June 9, 2017
If you think telecom expense management applies to nothing more than business phone lines, think again. Hyoun Park, founder and principal investigator with technology advisory Amalgam Insights, tells ....
June 2, 2017
Enterprises strategizing on mobility today, including for internal collaboration, don't have the luxury of learning as they go. Tony Rizzo, enterprise mobility specialist with Blue Hill Research, expl....
May 24, 2017
Mark Winther, head of IDC's global telecom consulting practice, gives us his take on how CPaaS providers evolve beyond the basic building blocks and address maturing enterprise needs.
May 18, 2017
Diane Myers, senior research director at IHS Markit, walks us through her 2017 UC-as-a-service report... and shares what might be to come in 2018.
April 28, 2017
Change isn't easy, but it is necessary. Tune in for advice and perspective from Zeus Kerravala, co-author of a "Digital Transformation for Dummies" special edition.
April 20, 2017
Robin Gareiss, president of Nemertes Research, shares insight gleaned from the firm's 12th annual UCC Total Cost of Operations study.
March 23, 2017
Tim Banting, of Current Analysis, gives us a peek into what the next three years will bring in advance of his Enterprise Connect session exploring the question: Will there be a new model for enterpris....
March 15, 2017
Andrew Prokop, communications evangelist with Arrow Systems Integration, discusses the evolving role of the all-important session border controller.
March 9, 2017
Organizer Alan Quayle gives us the lowdown on programmable communications and all you need to know about participating in this pre-Enterprise Connect hackathon.
March 3, 2017
From protecting against new vulnerabilities to keeping security assessments up to date, security consultant Mark Collier shares tips on how best to protect your UC systems.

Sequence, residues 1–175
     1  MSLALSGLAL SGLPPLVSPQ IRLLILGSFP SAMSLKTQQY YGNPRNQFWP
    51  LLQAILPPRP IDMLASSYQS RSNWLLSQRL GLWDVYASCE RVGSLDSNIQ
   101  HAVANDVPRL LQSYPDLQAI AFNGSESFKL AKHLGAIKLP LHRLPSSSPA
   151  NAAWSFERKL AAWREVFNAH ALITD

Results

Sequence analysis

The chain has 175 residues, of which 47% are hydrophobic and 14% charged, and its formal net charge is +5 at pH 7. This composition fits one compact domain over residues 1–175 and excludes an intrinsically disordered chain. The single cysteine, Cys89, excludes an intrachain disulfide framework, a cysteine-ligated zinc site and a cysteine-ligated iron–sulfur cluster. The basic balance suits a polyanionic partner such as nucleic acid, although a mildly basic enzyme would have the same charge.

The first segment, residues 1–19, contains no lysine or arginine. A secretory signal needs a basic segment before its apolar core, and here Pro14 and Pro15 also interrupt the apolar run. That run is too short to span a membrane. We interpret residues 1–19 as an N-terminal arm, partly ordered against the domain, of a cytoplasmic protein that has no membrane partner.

February 24, 2017
UC analyst Blair Pleasant sorts through the myriad cloud architectural models underlying UCaaS and CCaaS offerings, and explains why knowing the differences matter.
February 17, 2017
From the most basics of basics to the hidden gotchas, UC consultant Melissa Swartz helps demystify the complex world of SIP trunking.
February 7, 2017
UC&C consultant Kevin Kieller, a partner at enableUC, shares pointers for making the right architectural choices for your Skype for Business deployment.
February 1, 2017
Elka Popova, a Frost & Sullivan program director, shares a status report on the UCaaS market today and offers her perspective on what large enterprises need before committing to UC in the cloud.
January 26, 2017
Andrew Davis, co-founder of Wainhouse Research and chair of the Video track at Enterprise Connect 2017, sorts through the myriad cloud video service options and shares how to tell if your choice is en....
January 23, 2017
Sheila McGee-Smith, Contact Center/Customer Experience track chair for Enterprise Connect 2017, tells us what we need to know about the role cloud software is playing in contact centers today.